8. Throwdown - There are many sides to Johnny To: he makes goofy, crowd-pleasers like Love on a Diet and Needing You, snappy action-comedies like Running Out of Time and Breaking News, gritty-ish crime melodramas like The Mission and PTU. And he also makes far out, weird, artsy movies like Running On Karma and this one. Johnny To dedicated Throwdown to Akira Kurosawa, and the movie - about a former Judo champion, now wallowing in debt, despair, and drunkenness, who pulls his act together in order to compete One Last Time - definitely makes a nod or two to Kurosawa's Sugata Sanshiro, but it reminded me more of the kind of gangster movies Jean-Pierre Melville made after he had been ordained as the Godfather of the French New Wave. Throwdown, like Le Cercle rouge, Le Samourai, and Un Flic, is made up of pulpy, effective, off-kilter genre scenes alternating with beautiful, quirky, off-kilter artsy sequences. There's something extremely satisfying about this kind of movie to a middlebrow guy like myself.

7. Munich - I don't go to Steven Spielberg movies looking for in-depth commentary on complicated geo-political situations. I do go to Steven Speilberg movies for expertly-directed set pieces and passionate, expertly-handled melodrama. So, the arguments over what this movie does or does not say about the politics of the Israeli-Palestinian conflict seem to me to be focusing on a side issue in a way. I mean, no one I know looked to Saving Private Ryan for an analysis of the issues surrounding World War II (that's what reading Paul Fussell and John Keegan is for). Note: I understand the difference here (i.e., World War II is over), and I also understand that these kinds of arguments are taking place mainly because of the way the movie has been sold to audiences (i.e., that the movie is making an Important Statement). Still, I responded to the movie as a story about the possible psychological effects of having to kill for a cause (no matter how righteous that cause may be).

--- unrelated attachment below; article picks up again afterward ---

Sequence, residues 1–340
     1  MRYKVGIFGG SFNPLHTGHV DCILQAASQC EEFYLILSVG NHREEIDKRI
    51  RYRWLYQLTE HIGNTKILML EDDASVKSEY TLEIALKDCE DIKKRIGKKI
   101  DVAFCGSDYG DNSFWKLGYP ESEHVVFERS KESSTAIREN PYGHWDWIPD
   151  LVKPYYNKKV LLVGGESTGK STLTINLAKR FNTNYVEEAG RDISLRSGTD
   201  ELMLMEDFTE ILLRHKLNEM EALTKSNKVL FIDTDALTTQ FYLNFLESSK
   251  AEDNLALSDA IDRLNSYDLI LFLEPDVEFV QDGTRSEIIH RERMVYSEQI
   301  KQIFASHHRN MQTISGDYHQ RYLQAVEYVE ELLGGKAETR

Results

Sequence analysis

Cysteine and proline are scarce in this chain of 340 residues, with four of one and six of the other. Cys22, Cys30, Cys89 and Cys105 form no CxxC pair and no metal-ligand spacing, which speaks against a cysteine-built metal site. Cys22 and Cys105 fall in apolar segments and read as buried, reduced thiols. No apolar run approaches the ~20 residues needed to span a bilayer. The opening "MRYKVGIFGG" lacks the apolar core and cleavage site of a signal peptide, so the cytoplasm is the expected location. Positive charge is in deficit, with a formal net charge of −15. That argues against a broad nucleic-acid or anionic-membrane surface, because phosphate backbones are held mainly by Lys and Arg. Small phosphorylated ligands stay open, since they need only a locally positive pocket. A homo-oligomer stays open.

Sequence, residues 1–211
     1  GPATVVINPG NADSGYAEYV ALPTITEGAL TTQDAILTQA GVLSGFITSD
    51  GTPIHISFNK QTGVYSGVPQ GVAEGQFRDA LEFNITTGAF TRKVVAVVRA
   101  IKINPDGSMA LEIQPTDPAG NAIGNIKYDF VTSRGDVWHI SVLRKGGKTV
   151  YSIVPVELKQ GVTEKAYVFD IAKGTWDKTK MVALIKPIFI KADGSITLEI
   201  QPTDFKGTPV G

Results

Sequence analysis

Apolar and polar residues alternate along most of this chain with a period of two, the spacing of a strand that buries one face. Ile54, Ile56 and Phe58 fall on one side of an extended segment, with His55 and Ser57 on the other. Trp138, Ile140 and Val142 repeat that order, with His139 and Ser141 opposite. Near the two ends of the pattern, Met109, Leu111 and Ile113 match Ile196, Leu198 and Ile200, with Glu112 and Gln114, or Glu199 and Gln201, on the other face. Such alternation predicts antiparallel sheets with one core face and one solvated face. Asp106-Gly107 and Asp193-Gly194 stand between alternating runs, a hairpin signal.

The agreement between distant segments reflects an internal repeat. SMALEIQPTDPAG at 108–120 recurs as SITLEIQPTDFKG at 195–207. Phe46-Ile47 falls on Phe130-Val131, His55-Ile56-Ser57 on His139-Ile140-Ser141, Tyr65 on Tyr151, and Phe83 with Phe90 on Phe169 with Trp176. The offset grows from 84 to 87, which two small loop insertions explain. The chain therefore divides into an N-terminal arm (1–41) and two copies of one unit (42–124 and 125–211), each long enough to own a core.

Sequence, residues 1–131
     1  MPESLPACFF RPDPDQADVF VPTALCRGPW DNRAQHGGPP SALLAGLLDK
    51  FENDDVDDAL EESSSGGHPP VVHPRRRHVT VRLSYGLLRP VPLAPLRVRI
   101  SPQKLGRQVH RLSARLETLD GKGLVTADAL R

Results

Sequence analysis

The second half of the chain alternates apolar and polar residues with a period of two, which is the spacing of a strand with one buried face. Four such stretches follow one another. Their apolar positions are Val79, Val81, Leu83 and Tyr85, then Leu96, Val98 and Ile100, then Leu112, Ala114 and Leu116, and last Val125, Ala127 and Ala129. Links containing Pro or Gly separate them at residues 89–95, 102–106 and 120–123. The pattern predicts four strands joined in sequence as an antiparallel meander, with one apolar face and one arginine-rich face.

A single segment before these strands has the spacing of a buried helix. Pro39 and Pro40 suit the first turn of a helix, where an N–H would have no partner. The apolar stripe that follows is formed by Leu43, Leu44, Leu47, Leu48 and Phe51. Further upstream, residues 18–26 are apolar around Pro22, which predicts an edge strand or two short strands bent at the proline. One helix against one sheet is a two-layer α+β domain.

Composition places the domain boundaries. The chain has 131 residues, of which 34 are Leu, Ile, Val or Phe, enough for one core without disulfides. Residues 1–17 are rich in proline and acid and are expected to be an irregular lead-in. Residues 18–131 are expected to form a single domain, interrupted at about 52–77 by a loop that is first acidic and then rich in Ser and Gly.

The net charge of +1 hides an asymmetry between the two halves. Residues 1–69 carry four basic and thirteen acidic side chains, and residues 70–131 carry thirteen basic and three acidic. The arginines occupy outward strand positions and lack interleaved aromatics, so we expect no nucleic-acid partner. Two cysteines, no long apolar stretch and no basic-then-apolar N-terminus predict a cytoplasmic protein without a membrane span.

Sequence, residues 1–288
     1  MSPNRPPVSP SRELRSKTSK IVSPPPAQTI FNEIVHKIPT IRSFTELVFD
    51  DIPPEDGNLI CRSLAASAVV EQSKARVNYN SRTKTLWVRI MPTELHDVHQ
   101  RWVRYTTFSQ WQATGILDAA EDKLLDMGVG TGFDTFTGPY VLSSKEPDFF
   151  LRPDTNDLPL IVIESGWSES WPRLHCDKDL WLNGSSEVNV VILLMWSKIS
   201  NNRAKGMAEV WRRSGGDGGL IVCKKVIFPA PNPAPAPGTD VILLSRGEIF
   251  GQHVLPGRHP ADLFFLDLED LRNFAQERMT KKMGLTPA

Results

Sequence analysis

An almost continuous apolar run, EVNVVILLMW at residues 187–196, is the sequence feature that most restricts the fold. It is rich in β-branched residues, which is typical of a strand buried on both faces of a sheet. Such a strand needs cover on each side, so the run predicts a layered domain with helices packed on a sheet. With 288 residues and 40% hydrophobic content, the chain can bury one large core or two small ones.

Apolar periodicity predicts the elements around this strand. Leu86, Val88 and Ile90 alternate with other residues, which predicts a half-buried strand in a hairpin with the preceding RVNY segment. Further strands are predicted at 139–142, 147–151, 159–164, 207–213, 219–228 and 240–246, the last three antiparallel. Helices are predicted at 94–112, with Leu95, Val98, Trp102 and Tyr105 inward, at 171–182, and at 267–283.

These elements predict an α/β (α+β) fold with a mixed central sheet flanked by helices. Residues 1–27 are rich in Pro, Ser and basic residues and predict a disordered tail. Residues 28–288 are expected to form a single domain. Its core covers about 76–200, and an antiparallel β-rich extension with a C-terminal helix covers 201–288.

6. Good Night, and Good Luck - So, while I find the message of this movie pretty unconvincing, I thought it was a very fine piece of filmmaking. I appreciated its modesty and the fact that it was focused (like a laser) on one single event. In this way, it reminded me a lot of Miracle. Except for the scenes of Murrow's speech that bookend the movie, it never felt like it was trying to be Important. (Of course, people have responded to the movie as if it was Really Important, and while Clooney should probably take the blame for that, I can't bring myself to hold it against the movie itself).